The arch in honour of Huang

As Joseph Allen has remarked, the Japanese had a complex relationship with the culture of their colonial subjects. On the one hand, the Japanese empire was based on the idea that the Japanese were superior to the Han Chinese population of Taiwan. On the other hand, however, Chinese culture had been for centuries the model for Japan. Confucianism, Chinese characters, Chinese literature and poetry etc. were all integral parts of Japanese culture. Therefore, certain elements like the arches could be accepted and integrated into the Japanese colonial project. 

Japanese Era


The Japanese introduced Western-style buildings, facilities and public spaces into Taipei’s urban planning. One of such innovations was the public park (Allen 2012, p. 91). During the Qing era, when half of the area of Taipei was farmland and the urban layout was basically premodern, there was no need for parks. Taipei was a rural town, not an industrial metropolis. 

The modern use of the Chinese word for park (公園) was a rendering of the Japanese koen (ibid.). Modern public parks were first created in Western cities to reproduce a “natural” space inside the bustling, fast, stressful urban landscape of the industrial age. They were places set apart from the densely populated and hectic urban districts, where people could experience nature, relax and find rest from metropolitan life (ibid.). The Japanese picked up this concept and in 1873 they designed their first public park, Ueno Park in Tokyo (ibid.). However, the Japanese version of the park had a somewhat different function: it was not a place to rest and preserve a natural and healthy environment, but a political, civic space.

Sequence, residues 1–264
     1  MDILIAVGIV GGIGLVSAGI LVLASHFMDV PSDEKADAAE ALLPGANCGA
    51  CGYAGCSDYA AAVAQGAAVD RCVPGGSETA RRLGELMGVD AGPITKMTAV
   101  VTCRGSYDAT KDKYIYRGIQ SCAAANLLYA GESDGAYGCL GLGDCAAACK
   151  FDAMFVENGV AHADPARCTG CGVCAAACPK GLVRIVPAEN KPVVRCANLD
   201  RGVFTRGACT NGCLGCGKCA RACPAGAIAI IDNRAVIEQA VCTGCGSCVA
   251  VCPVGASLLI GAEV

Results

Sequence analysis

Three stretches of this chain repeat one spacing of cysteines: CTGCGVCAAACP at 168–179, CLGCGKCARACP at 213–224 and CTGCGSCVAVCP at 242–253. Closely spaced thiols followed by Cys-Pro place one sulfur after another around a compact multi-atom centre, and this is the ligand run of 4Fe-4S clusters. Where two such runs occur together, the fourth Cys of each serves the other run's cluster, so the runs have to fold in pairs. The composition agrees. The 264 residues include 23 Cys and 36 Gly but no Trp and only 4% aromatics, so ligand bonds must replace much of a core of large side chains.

As part of their urban restructuring of Taipei, the Japanese demolished most Qing-era buildings within Taipei walled city, most especially the religious and administrative buildings. Apparently, the Japanese felt the need to erase Taipei’s Chinese imperial identity. They wanted to make clear that that was a new age, and the architecture of Taipei had to reflect the new Japanese-colonial reality.

The structure of the park has remained the same since the Japanese era, although a few new elements have been added, such as the amphitheatre (the white building on the right) and some Chinese-style pagodas. The path that cuts through the park is Qing-era “Stone Memorial Archway Street”

At the beginning of the 20th century, the Tianhou Temple and the surrounding buildings were demolished and a park was completed in 1908. It was called Taipei Park (台北公園). Since it was the second park to have been built in Taipei (the first being Yuanshan park in 1897), Taipei Park began to be called  by the locals “New Park” (新公園).

In 1915 the construction of the memorial hall for governor-general Kodama Gentaro and civil administrator Goto Shimpei, which is present-day National Taiwan Museum, completed Taipei Park and made it a central urban space of Japanese colonialism.